However, the complaints handling aspect is one, which would be identified as non-value; adding in an activity-based management analysis. Non-value adding activities are those that do not increase the worth of the product to the customer; common examples are inspection time and idle time in manufacturing. It is usually not possible to eliminate these activities but it is often possible to minimise them. Complaints handling is not value adding as it results from failure to meet the service standards expected (and so is already included in the price paid).
Complaints handling links directly to issues of quality management at Navier as improved quality of products should reduce these costs. These costs are significant at Navier as complaint numbers are 20% (3,200/16,000) of orders. Complaints may arise in many ways and these causes need to be identified. As far as the operation of the CC department is concerned, it may cause complaints through poor work at the quotation stage where the job is improperly understood or incorrectly specified to the manufacturing or installation teams. This leads to non-conformance costs as products do not meet expected standards and, in this case, complaints imply that these are external failure costs as they have been identified by customers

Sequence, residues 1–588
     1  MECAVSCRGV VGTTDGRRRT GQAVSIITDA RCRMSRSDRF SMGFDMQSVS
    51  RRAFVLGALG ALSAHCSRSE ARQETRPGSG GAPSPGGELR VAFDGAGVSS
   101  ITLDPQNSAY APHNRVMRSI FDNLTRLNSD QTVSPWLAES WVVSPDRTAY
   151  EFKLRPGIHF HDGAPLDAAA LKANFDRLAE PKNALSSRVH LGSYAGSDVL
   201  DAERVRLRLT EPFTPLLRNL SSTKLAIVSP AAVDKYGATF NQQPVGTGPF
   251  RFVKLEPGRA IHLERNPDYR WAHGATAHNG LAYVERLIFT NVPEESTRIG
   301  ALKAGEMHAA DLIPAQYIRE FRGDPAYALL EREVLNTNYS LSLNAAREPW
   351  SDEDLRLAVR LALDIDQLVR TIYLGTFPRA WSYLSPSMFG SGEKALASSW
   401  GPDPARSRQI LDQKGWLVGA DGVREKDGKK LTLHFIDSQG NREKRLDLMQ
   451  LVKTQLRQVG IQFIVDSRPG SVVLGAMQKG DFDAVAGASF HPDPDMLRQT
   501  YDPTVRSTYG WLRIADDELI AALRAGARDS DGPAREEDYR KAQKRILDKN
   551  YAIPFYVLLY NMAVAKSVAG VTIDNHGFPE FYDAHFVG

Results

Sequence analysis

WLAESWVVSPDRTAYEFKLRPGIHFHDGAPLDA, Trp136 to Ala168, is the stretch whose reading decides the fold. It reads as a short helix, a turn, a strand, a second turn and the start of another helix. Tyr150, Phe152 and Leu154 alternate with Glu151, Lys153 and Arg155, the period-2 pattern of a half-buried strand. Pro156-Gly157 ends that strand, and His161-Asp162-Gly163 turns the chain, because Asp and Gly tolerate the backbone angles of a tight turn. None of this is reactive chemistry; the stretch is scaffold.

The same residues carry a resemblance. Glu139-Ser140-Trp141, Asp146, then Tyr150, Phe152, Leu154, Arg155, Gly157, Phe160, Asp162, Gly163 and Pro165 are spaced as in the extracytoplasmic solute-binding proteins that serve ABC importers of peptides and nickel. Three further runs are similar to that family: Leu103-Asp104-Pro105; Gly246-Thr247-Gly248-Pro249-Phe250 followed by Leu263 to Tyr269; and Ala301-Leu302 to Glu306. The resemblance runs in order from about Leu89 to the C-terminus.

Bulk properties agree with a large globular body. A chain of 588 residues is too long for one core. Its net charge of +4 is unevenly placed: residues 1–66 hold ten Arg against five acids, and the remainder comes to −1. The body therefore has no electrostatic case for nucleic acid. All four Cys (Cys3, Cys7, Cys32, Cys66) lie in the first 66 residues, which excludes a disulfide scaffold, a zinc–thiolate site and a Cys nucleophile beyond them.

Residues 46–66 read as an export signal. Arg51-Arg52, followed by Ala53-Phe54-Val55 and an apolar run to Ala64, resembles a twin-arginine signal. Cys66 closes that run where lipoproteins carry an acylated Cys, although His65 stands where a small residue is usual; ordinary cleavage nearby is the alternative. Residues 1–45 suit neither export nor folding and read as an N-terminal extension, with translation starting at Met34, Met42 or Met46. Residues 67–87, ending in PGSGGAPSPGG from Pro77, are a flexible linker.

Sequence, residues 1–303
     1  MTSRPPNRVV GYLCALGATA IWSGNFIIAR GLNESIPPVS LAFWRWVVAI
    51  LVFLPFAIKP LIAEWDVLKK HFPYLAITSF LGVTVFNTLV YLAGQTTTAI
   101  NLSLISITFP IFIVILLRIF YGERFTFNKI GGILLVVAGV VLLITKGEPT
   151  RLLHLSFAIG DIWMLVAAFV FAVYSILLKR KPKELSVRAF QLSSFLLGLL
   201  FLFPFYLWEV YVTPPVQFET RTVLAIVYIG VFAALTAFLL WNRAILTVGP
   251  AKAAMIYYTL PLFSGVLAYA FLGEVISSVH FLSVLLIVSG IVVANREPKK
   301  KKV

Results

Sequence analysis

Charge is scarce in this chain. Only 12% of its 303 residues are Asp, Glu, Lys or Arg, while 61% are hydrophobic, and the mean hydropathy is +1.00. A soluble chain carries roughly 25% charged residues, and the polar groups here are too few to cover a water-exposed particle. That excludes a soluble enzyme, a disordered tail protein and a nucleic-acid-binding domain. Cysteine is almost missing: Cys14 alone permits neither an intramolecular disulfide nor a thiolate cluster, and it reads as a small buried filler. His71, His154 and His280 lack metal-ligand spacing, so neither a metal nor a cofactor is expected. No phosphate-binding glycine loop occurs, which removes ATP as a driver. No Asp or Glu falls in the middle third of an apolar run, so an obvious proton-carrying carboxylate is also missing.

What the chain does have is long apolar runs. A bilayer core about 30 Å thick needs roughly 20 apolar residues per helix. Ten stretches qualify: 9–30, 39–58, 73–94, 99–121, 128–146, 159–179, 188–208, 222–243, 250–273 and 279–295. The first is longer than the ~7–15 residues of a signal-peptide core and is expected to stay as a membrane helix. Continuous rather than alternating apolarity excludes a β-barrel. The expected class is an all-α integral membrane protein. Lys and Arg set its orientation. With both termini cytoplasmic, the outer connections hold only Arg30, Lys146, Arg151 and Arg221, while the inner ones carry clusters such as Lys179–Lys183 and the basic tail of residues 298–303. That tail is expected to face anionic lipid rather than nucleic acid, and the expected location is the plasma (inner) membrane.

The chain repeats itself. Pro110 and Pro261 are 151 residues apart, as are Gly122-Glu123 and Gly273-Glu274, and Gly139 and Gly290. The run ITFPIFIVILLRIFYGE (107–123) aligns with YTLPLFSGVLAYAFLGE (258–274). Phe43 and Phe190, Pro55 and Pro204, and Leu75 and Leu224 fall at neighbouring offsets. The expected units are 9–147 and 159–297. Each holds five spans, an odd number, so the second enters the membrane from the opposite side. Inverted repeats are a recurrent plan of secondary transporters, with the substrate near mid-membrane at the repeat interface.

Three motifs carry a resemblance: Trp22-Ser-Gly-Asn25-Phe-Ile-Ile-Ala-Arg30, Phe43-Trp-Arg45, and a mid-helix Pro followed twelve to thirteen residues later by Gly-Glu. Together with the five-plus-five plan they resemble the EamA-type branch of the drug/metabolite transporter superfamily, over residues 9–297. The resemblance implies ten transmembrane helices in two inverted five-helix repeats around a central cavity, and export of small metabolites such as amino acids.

Quality of the end product could also be affected by the supervision activity and in order to ensure that this is functioning well, the CC department will need to have the authority to intervene with the work of other departments in order to correct errors – this could be a key area for prevention of faults and so might become a core quality activity (an inspection and prevention cost).
The other activities in the department are administrative and the measures of their quality will be in the financial information systems. Order processing quality would be checked by invoice disputes and credit note issuance. Credit check effectiveness would be measured by bad debt levels.
Kaplan and Cooper, Cost and Effect, Chapters 6 to 10, published by Harvard Business Press 1998.
Nick Ryan is lead tutor for performance management subjects.